Hey everyone! My name is Delphine and I am currently doing a master degree on kelp!
I love all kelps! There different colors, shapes and related communities are so intriguing. One kelp species though as caught my attention. Agarum clathratum still offers a lot of mysteries. It seems to be an abundant species both in the Arctic and in the St-Lawrence River in Québec. Although, few research has been done on its ecology or distribution.
So here I am, studying its growth pattern to understand this kelp a little bit better!
Since doing long term fieldwork in the Arctic is extremely challenging, even more with this pandemic situation, the St-Lawrence estuary was a great study site for my project.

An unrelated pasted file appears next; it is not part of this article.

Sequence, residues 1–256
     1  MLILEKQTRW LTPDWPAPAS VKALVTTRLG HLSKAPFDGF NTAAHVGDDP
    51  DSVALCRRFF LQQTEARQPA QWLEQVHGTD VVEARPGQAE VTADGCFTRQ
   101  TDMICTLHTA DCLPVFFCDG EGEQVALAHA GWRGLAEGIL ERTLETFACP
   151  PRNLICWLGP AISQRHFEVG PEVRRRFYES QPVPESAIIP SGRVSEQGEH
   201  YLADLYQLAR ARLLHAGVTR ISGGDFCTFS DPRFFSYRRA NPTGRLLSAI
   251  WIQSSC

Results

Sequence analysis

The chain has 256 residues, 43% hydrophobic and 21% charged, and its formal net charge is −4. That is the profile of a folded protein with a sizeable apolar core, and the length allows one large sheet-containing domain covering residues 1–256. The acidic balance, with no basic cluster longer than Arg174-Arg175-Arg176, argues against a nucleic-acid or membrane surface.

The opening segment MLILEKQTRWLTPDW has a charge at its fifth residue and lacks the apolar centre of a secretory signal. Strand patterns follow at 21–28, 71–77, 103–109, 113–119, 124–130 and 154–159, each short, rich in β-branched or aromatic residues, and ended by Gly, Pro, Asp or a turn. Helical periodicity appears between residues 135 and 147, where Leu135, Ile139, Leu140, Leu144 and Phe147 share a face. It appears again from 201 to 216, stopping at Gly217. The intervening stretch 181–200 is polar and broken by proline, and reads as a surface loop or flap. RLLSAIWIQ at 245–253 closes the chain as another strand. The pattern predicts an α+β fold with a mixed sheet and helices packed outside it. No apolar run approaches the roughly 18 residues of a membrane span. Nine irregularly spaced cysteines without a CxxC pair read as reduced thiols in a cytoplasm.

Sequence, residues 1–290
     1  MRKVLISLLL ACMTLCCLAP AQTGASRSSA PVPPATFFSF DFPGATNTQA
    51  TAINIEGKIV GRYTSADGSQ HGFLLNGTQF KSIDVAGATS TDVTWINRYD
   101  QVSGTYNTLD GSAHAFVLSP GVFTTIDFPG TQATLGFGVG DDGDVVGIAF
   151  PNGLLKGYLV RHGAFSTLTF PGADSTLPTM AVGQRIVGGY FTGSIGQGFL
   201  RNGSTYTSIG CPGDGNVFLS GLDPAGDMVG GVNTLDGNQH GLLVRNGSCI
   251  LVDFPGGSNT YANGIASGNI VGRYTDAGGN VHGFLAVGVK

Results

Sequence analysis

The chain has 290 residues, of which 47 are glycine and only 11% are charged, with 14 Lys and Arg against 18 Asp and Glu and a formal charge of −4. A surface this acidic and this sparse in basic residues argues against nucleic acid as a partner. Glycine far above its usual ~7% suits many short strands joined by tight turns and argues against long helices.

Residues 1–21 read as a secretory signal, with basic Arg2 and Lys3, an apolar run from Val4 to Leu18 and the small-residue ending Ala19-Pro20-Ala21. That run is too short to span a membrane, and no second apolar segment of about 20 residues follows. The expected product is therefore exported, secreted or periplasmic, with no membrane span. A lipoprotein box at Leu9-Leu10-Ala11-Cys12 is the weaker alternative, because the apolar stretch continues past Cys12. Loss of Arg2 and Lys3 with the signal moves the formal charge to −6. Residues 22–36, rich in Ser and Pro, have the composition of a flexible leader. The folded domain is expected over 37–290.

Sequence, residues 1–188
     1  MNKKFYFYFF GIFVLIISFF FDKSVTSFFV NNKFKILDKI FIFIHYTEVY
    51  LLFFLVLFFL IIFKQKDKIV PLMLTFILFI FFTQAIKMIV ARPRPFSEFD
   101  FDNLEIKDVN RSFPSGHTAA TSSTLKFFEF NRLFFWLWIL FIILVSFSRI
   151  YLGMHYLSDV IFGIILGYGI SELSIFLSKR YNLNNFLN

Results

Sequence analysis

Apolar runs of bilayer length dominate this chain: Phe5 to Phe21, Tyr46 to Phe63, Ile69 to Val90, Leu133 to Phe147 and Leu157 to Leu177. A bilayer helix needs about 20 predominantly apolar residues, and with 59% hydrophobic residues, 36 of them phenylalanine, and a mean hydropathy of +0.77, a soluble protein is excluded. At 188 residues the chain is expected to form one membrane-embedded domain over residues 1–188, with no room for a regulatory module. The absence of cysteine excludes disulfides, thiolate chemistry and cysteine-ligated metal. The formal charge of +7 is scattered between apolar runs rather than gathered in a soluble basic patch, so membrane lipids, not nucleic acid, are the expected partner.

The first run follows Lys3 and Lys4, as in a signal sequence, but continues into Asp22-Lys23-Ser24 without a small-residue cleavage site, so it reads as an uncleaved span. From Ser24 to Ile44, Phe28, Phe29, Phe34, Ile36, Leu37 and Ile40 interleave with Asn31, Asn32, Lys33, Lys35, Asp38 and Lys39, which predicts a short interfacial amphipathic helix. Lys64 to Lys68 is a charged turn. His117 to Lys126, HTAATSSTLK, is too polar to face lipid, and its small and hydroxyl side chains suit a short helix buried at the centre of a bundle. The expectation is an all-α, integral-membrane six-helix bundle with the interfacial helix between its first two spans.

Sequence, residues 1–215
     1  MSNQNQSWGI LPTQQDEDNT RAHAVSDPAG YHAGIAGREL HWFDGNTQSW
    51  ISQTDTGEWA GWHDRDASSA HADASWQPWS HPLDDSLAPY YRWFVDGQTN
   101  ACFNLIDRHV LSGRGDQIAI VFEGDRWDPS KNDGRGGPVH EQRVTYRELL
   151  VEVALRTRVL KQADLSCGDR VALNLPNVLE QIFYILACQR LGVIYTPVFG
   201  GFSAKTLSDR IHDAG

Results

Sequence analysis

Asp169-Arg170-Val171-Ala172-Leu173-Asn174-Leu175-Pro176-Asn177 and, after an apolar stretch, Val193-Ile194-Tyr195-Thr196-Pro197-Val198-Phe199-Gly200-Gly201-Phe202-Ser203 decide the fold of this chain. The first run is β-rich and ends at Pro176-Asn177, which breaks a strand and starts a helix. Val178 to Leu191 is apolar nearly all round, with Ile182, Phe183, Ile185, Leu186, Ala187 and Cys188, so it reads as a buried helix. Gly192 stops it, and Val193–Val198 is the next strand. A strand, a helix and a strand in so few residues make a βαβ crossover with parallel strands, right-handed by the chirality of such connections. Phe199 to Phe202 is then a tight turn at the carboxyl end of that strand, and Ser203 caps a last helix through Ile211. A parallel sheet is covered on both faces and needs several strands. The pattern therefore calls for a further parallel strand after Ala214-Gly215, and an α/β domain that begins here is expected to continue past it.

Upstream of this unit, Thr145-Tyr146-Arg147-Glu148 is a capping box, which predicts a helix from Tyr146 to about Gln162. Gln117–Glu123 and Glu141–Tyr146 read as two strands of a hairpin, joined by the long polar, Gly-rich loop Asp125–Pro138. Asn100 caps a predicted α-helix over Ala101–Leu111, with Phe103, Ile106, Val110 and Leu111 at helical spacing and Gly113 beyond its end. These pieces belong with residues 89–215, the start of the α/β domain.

In September 2020, I set up 2 underwater experiments near Godbout. Those experiments allowed us to measure growth of A. clathratum and to observe how it varies with the seasons and with the light intensity.
With a DFO team we revisited those experiments multiple times in the last year, even in winter. The St-Lawrence is magnificent at that time of the year, but oooh so cold! Each visit included a lot of underwater measure and photography.
At our last visit, we even saw a big lion’s main jellyfish swimming right through the tagged Agarum! Such a majestic creature! I’ve rarely been so happy to wear dive gloves, since they sting!!
Doing fieldwork in Godbout also means, working with a great team, sharing the bay with curious seals and whales, enjoying nice warm soupers and being blessed with amazing sunrises and sunsets!
Now that we have collected all the data that we need, the field season is over! Time to play with all those data now!!!